Category: Repair and reparations Tags: H.R. 40, Rep. John Conyers, Reparations for slavery, Tulsa Race Riot, U.S. Congress
Last week, we reported that Representative John Conyers (D-Mich.) had re-introduced before Congress his bill, H.R. 40, to establish a commission to study reparations for slavery and racial discrimination.
Today we write to say that Rep. Conyers has also re-introduced legislation to provide reparations for the victims of the Tulsa Race Riot and their descendants.
The Tulsa Race Riot of 1921 is generally considered to be the worst single incident of racial violence in the history of the United States.1 The riot devastated the Greenwood neighborhood of Tulsa, Oklahoma, a prosperous, racially-segregated community that had been called the “Negro Wall Street” of the United States.
Sparked by rumors that a young black man would be targeted by a lynch mob, an armed confrontation between black and white crowds led to thousands of white citizens rampaging through Greenwood, killing, burning, and looting. The National Guard had to be dispatched to restore order, jailing 4,000 to 5,000 black men and women for days while leaving white rioters alone. In the end, thirty-five blocks were entirely destroyed and anywhere from 45 to 300 people lost their lives. No one was convicted for acts of murder, arson, or larceny during the riot, and more than 100 lawsuits filed afterwards by black residents of Greenwood were rejected.
In 2001, the bipartisan Tulsa Race Riot Commission examined the historical record and recommended reparations payments for survivors of the riots and their descendants. The Oklahoma state legislature responded by establishing scholarships, a memorial, and economic development for Greenwood, but declined to offer reparations. In 2003, a group of survivors filed a lawsuit, Alexander v. State of Oklahoma with the aid of Charles Ogletree and Johnnie Cochran, seeking relief in the form of education and healthcare for Greenwood residents. The courts, however, rejected this lawsuit, on the basis that the statute of limitations now bars any relief.
Rep. Conyers’ bill, H.R. 98, would overturn the result in Alexander v. State of Oklahoma, providing a remedy in court for anyone deprived of their rights on account of race in the riot or its aftermath.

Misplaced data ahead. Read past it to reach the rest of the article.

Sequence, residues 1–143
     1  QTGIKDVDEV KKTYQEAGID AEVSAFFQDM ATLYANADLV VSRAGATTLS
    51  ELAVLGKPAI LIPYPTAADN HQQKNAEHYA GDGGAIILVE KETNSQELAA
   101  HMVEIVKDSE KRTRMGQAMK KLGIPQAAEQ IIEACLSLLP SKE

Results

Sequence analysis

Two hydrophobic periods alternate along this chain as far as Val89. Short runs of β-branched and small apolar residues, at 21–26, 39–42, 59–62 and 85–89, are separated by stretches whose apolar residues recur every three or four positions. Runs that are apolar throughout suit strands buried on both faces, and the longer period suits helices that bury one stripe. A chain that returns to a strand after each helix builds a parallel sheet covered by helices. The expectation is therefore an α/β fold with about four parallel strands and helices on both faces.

In remarks in the Congressional Record introducing the legislation, Rep. Conyers noted:
The case of the Tulsa-Greenwood Riot victims is worthy of congressional attention because substantial evidence suggests that governmental officials deputized and armed the mob and that the National Guard joined in the destruction. The report commissioned by the Oklahoma State Legislature in 1997, and published in 2001, uncovered new information and detailed, for the first time, the extent of the involvement by the State and city government in prosecuting and erasing evidence of the riot. This new evidence was crucial for the formulation of a substantial case, but its timeliness raised issues at law, and resulted in a dismissal on statute of limitation grounds. In dismissing the survivor’s claims, however, the Court found that extraordinary circumstances might support extending the statute of limitations, but that Congress did not establish rules applicable to the case at bar. With this legislation, we have the opportunity to provide closure for a group of claimants–many over 100 years old–and to close the book on a tragic chapter in history.
Racism, and its violent manifestations, are part of our Nation’s past that we cannot avoid. With the prosecution of historic civil rights claims, both civil and criminal, we encourage a process of truth and reconciliation that can heal historic wounds. In this case, the Court took “no great comfort” in finding that there was no legal avenue through which the plaintiffs could bring their claims. The “Tulsa-Greenwood Riot Accountability Act” would simply give Tulsans and all Oklahomans, white and black, victims and non-victims, their day in court. Without that opportunity, we will all continue to be victims of our past.
H.R. 98 is to be named the John Hope Franklin Tulsa-Greenwood Riot Accountability Act, in honor of the eminent historian who painstakingly documented the Tulsa Race Riots. The bill, bearing the short description, “To provide a remedy for survivors and descendants of the victims of the Tulsa, Oklahoma Race Riot of 1921,” has been referred to the House Judiciary Committee.
The same legislation in the last Congress attracted one co-sponsor, Rep. Bobby Rush (D-Ill.), and died in committee without action.
- See, for instance, the Oklahoma Historical Society’s online Encyclopedia of Oklahoma History & Culture at http://digital.library.okstate.edu/encyclopedia/entries/T/TU013.html. [↩]